Job site gets it right

If you were on vacation last month, you might have missed stories about the relaunch of the Office of Personnel Management's job-posting Web site, USAJobs, early in the month.

The move is the first step in developing Recruitment One-Stop, one of the Bush administration's 24 e-government initiatives.

The headline on the relaunch was little short of astounding; the first day, the number of visitors was 10 times the normal daily volume.

The spike was due mainly to OPM officials' aggressive effort to make the 300,000 previous USAJobs users who had filed online resumes aware of the new site. Users received e-mail messages advising them of improvements and urging them to update their accounts, a starting point to receive automatic notification of new jobs.

People visiting the site will already see improvements.

OPM also has set other examples for e-government with the relaunching of USAJobs.

First, OPM selected a vendor — Monster, formerly Monster.com — experienced in managing sites for job seekers. The improved site is an application with a commercial counterpart, and the government drastically needs to align its hiring practices with those used in the private sector, including mainstreaming the job search.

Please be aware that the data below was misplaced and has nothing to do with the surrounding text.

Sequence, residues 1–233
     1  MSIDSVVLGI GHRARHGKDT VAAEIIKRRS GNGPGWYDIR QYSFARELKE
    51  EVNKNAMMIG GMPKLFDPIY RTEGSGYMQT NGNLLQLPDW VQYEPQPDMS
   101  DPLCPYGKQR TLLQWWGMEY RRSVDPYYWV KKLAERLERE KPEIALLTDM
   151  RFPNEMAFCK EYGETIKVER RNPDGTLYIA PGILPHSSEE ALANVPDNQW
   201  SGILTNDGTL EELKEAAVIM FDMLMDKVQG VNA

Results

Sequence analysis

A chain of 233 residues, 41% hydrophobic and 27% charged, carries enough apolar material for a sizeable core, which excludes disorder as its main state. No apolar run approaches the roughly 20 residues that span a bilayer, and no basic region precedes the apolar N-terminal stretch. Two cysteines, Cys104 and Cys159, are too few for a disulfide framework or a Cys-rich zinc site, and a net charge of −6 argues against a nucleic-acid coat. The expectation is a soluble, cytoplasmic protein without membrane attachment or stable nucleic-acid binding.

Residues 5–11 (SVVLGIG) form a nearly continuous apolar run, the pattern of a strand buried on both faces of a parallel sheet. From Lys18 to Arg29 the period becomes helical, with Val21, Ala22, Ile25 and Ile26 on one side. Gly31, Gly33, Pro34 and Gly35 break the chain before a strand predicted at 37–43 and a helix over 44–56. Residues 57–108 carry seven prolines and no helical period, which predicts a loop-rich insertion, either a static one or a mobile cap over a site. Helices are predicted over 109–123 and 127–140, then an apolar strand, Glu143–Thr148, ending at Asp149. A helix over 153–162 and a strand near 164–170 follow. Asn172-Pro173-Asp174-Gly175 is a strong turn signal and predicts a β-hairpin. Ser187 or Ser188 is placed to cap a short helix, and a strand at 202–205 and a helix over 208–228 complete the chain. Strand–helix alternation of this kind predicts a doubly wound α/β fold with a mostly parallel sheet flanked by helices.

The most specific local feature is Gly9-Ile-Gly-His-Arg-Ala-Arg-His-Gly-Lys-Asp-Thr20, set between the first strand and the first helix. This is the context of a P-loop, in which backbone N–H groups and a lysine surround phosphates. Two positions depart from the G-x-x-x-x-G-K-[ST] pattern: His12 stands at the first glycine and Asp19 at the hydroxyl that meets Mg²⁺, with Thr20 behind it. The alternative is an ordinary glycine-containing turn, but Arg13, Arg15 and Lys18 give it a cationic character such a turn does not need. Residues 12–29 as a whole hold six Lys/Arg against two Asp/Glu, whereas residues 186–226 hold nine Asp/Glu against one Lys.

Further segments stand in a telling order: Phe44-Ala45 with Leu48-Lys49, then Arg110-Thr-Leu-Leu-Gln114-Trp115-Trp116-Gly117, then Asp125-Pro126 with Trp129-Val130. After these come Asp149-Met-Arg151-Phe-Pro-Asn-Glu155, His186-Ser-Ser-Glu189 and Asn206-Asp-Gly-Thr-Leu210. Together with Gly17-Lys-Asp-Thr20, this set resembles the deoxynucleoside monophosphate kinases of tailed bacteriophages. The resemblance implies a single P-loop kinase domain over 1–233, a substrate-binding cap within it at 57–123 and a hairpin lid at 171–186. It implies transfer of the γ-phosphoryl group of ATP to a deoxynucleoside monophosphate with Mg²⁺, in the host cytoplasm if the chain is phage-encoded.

Second, under OPM director Kay Coles James' leadership, the new application is not just paving the path, but rather using e-government as an occasion to examine its underlying business processes.

OPM is preparing a new template for agencies to use for listings. It will eliminate the gobbledygook set of letters and numbers with government job classification arcana from its current prominent position at the top of the listing, and will encourage pithier, plain English descriptions.

As part of this effort — and a great symbol — the government-speak phrase that sends a distressful signal about a lack of excitement in government jobs, "vacancy announcement," is being eliminated. It will be replaced with the everyday "job description."

Third, the site has been relaunched using the principle of getting new capabilities out quickly, rather than waiting for perfection, and then beginning an ongoing improvement effort based on user feedback.

OPM signed the contract with Monster in January, so the first release of the relaunch came very quickly.

There have been some glitches in the site, typical for a new software release, though exploited in press releases by a vendor that runs some agency- specific job sites that compete with USAJobs. OPM has taken the wise approach of soliciting suggestions for improvements from customers using the site.

All in all, this is an impressive e-government effort with a lot to teach all of us about how to do it right.

Kelman is a professor of public management at Harvard University's Kennedy School and former administrator of the Office of Federal Procurement Policy. He can be reached at steve_kelman@ harvard.edu.

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